Monday 5 May 2014

Britain in the past was a country where old men sometimes lived long lives, but most likely neither in the bosom of the family nor treated with automatic respect

The British Academy, which was set up in 1902 and is a fellowship of more than 900 leading scholars spanning all disciplines across the humanities and social sciences, met in the University of Sheffield Students' Union a few weeks ago where it held a debate entitled : Too Old and Ugly to be Useful? Challenging Negative Representations of Older People.

The meeting was chaired by 63 year old Professor Diarmaid MacCulloch and the first speaker was Professor Pat Thane of King’s College, London, expert in old age in English History who spoke about the representations and realities of old men and women, past and present.
Pat was of interest since one of the tasks I set myself when I started this blog in 2009, was to 'see if this country of ours is, or ever was, a country for old men.'

Pat examined three assumptions we make about old age :
Assumption number One : That people in the past rarely lived to old age.
Pat's answer was "Not true" because :

* the numbers of 60+ old men and women in England in the 1600s was 6-8%, the 1700s 10% but at the end of the 1800s it had fallen to 5%, whereas in France it was 10%.

* there might appear to have been fewer old people because high infant mortality brought the average life expectancy figures down  as seen in 1841 which was 39 years for men to 42 for women, in 1871, 44 to 49 and in 2011, 78.5 to 82.4.
However, they passed infancy there was 'quite a good chance they would get to 60 and beyond.'

Assumption number twoold people were normally cared for in the bosom of their families and so didn't need publicly funded care, whereas in our busy, mobile, selfish, individualistic society, old people are neglected and consigned to care homes and welfare services.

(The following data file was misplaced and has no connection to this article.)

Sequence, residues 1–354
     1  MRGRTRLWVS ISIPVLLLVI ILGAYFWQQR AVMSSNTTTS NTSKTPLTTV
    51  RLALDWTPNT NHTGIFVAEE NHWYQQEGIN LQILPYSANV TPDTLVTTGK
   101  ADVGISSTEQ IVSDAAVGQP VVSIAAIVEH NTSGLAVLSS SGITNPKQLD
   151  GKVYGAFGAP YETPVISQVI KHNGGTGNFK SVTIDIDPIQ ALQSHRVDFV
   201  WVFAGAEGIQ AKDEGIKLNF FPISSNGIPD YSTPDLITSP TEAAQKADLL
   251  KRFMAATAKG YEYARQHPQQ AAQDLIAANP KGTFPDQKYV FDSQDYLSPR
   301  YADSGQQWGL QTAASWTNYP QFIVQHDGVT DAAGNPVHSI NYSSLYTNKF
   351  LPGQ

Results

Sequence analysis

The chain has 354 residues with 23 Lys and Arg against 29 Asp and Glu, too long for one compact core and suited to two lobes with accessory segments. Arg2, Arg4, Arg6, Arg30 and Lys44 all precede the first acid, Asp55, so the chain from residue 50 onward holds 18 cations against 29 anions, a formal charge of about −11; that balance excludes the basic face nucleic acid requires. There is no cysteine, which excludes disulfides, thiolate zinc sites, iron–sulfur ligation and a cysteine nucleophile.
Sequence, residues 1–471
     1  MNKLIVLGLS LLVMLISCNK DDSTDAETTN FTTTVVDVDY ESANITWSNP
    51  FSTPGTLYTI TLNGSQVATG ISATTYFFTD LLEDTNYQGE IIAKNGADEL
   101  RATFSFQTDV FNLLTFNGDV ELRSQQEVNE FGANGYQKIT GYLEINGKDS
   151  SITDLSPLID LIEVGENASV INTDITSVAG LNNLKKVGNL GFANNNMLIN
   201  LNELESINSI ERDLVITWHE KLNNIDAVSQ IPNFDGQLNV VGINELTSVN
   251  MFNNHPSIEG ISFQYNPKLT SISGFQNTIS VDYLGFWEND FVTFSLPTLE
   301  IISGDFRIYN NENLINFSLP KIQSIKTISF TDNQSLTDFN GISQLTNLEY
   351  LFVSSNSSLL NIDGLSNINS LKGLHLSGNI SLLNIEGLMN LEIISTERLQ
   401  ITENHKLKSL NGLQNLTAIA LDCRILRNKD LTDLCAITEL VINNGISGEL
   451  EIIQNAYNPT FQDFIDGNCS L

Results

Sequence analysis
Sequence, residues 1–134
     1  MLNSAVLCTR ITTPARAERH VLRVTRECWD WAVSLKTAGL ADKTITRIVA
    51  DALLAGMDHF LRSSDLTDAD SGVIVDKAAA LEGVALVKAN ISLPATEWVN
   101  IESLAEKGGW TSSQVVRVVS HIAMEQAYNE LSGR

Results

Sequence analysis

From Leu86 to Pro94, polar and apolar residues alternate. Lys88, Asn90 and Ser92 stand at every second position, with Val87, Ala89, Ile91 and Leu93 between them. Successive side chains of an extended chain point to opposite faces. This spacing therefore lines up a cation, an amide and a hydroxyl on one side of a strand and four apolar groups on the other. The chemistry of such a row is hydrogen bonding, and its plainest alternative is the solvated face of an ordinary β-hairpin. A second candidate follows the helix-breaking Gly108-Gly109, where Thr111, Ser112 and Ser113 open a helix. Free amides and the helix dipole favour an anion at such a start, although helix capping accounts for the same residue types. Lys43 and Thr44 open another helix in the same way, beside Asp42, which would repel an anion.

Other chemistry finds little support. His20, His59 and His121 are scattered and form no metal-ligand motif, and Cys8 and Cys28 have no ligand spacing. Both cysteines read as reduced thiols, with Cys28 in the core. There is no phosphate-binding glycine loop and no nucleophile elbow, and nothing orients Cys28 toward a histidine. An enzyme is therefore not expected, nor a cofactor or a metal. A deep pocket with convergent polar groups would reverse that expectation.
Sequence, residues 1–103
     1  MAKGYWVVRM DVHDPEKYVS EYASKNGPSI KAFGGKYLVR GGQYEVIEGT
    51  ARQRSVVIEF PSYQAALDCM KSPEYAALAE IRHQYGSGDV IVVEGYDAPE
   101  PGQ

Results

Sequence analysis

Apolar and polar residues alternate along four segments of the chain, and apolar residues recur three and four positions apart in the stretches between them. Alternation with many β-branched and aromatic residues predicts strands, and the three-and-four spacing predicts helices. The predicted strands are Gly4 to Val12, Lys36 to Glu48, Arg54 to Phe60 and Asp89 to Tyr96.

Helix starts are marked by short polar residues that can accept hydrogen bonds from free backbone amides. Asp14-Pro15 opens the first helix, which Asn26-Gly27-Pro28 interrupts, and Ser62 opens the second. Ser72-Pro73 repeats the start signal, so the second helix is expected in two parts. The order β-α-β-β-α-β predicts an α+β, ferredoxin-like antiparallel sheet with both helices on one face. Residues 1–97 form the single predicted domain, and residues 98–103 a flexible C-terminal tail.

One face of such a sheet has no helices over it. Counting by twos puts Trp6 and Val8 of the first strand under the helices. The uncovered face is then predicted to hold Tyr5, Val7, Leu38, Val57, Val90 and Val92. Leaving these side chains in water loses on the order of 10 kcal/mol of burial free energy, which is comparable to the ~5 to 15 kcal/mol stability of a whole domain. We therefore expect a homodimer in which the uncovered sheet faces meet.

Pat's answer : "Not so" because :

 * until the 1900s many people had no children because a higher proportion never married or had no children or their children died and even in pre-industrial Britain, even if children didn't die, they didn't necessarily stay close to their ageing parents because the young went in search of work and keeping in touch was difficult because levels of literacy and communication were slow.

* it was rare for the generations to share a home when children didn't emigrate, unless the older were very frail or the young were very poor and old people preferred to keep their independence for as long as they could to stay active. In addition, living with younger relatives isn't a guarantee of loving care at any time. as revealed in recent Japaneses studies where families stay together.

* in past old men and women might not share a home, but might live nearby with younger generation helping out around the house and preparing meals with old people reciprocating by, for example, looking after grandchildren.

* more old people today live to late ages and 3 or 4 generation families are more common than in the past and active able for example, to care for grand children and at the same time modern medicine keeps people alive in conditions of physical and mental frailty which was impossible until the recent past.

* in history older and younger people would die quickly in conditions in which they would now survive, often past the capacity of younger relatives to care for them.

Assumption number threeold people were more respected in the past than they are now.

Pat's answer : "Not necessarily so" because :

* there's no evidence of 'automatic respect', unless old people were rich and powerful or had done something.that merited admiration and poorer old people often had a hard time.

* gender and age discrimination are still deeply embedded in our culture and were only recently recognised and are now illegal in employment.

* until recently old men and women expected to be marginalised, as in health care, believing they were seen as less important by younger people and internalising the popular stereotype of people past a certain age as helpless and insignificant.

So life for old people in the past in Britain was not, in the words of the 17th century philosopher, Thomas Hobbes, 'short, nasty and brutish.' Well, at least not necessarily 'short'.  

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